The Doctor of Nursing Practice Degree: Entry to Nurse Practitioner Practice by 2025
On April 20, 2018, the National Organization of Nurse Practitioner Faculties (NONPF) made the commitment to move all entry-level nurse practitioner (NP) education to the DNP degree by 2025. Today, there are more than 300 DNP programs throughout the United States (US) (AACN, 2018), and NONPF has led the evolution of NP educational preparation to the DNP degree level (NONPF, 2015). NONPF maintains its dedication to all currently credentialed NPs and faculty members; however, we recognize that as the health care delivery system has grown increasingly complex, the role of NPs has evolved. The DNP degree reflects the rigorous education that NPs receive to lead and deliver quality health care. NONPF supports a seamless, integrated DNP curriculum without a master’s exit point as preparation for entry to the NP role (NONPF, 2015; NONPF, 2016). The DNP NP curriculum is not an add-on to the master’s curriculum; instead, the curriculum integrates objectives and learning opportunities for students to achieve the NP core and population-focused competencies that are written for doctoral level education (NONPF, 2013; NONPF, 2017a; NONPF and AACN, 2016). There are currently 187 post-baccalaureate DNP NP programs in the US, a 24% increase since 2015 (AACN, 2018). NONPF is committed to providing resources and support for faculty members as they embrace curricular changes (NONPF 2016). Moving all entry-level NP education to the DNP degree by 2025 will take commitment from multiple stakeholders and development of strategies and initiatives yet to be determined. In December 2017, NONPF hosted a DNP summit with stakeholders from nearly 20 national organizations to have a critical dialogue about moving entry-level NP education to the DNP degree by 2025 (NONPF, 2017b). While not all participants agreed that the DNP should be the entry level degree for NP practice, everyone agreed to continue the dialogue, stay actively engaged, and take the information back to their organizations. Moving forward, NONPF will continue to work with the DNP Summit participants and additional organizations and stakeholders, as they are critically important to realizing our goal. As the preeminent leader in NP education that provides timely and critical resources for NP educators, NONPF moves forward with an unwavering commitment to create innovative, high quality educational resources to NP faculty during this transition. Our work will lead and unite NP educators to transform healthcare.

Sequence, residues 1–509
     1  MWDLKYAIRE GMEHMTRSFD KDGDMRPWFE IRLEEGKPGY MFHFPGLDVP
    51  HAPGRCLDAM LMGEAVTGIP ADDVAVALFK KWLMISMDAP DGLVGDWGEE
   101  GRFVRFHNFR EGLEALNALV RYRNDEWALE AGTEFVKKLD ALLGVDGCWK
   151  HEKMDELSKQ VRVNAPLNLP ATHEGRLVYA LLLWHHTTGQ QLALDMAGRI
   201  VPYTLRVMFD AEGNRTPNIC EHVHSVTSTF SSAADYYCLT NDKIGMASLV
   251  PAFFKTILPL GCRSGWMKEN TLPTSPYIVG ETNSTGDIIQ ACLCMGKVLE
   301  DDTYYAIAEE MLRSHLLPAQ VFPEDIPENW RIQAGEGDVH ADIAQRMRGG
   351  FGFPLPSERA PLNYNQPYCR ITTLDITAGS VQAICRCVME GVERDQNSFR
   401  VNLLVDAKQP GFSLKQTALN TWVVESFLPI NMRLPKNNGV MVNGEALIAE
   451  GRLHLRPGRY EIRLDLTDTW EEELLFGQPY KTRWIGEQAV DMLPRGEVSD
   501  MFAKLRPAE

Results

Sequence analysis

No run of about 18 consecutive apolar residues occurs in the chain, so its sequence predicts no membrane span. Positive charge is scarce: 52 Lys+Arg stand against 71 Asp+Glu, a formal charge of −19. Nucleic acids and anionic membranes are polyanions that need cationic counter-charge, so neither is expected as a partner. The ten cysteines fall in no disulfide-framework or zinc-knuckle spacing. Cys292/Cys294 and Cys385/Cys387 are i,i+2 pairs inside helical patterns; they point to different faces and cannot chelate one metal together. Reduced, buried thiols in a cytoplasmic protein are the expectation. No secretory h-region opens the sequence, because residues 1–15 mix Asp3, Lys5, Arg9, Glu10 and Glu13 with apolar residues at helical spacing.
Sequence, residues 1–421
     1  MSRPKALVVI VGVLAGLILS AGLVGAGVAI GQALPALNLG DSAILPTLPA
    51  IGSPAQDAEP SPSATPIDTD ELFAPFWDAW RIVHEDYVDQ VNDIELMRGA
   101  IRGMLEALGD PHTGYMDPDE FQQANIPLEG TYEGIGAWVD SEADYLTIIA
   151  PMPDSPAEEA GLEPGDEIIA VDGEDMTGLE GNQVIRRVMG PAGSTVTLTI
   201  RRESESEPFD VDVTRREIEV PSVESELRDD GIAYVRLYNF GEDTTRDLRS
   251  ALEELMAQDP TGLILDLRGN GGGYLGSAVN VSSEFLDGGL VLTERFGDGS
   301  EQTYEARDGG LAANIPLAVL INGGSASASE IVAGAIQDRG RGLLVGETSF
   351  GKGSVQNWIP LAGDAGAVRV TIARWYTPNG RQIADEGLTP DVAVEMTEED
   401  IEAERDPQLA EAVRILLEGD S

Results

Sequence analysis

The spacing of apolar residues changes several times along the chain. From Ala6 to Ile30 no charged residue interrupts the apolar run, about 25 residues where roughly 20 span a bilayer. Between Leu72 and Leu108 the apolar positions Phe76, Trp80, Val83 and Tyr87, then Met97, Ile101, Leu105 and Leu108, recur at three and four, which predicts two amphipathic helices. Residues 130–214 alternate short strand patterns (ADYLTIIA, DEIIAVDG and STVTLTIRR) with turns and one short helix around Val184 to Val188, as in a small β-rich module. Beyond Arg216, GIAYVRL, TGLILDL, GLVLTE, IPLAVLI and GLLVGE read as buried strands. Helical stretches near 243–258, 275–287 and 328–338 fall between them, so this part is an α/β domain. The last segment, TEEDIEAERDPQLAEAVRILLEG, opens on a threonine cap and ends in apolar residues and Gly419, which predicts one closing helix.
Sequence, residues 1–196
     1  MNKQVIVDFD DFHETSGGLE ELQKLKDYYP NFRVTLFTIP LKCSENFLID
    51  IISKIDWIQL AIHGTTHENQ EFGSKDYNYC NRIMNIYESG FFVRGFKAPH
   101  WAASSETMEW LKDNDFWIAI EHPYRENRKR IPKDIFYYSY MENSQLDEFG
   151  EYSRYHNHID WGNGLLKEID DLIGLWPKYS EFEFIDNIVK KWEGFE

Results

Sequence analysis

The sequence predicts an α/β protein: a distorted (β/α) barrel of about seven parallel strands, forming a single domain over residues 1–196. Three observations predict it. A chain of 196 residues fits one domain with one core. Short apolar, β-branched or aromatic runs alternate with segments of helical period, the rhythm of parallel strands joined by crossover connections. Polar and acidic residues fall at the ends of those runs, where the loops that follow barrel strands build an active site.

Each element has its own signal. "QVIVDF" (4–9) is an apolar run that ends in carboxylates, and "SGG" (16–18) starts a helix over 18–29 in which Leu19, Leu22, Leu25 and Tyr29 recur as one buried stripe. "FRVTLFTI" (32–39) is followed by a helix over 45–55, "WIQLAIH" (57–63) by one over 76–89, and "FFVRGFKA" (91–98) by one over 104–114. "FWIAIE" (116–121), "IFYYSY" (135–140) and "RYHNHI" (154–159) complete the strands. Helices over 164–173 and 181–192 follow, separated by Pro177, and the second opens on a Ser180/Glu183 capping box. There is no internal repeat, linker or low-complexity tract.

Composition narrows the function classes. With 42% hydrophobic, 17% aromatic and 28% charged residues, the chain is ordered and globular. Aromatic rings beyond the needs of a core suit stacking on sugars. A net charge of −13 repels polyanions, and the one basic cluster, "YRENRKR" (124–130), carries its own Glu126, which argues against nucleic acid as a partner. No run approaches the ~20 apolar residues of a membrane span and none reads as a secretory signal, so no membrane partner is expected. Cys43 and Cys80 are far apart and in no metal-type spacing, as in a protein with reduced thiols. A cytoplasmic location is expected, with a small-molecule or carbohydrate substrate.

Thank you for considering Valdosta State University and the College of Nursing and Health Sciences Doctor of Nursing Practice Program. The application process will open soon, please stay tuned. Any questions, please contact Dr. Knicole Lee, DNP program coordinator at firstname.lastname@example.org.
*Information retrieved from the American Association of Colleges of Nursing and the National Organization of Nurse Practitioner Faculties.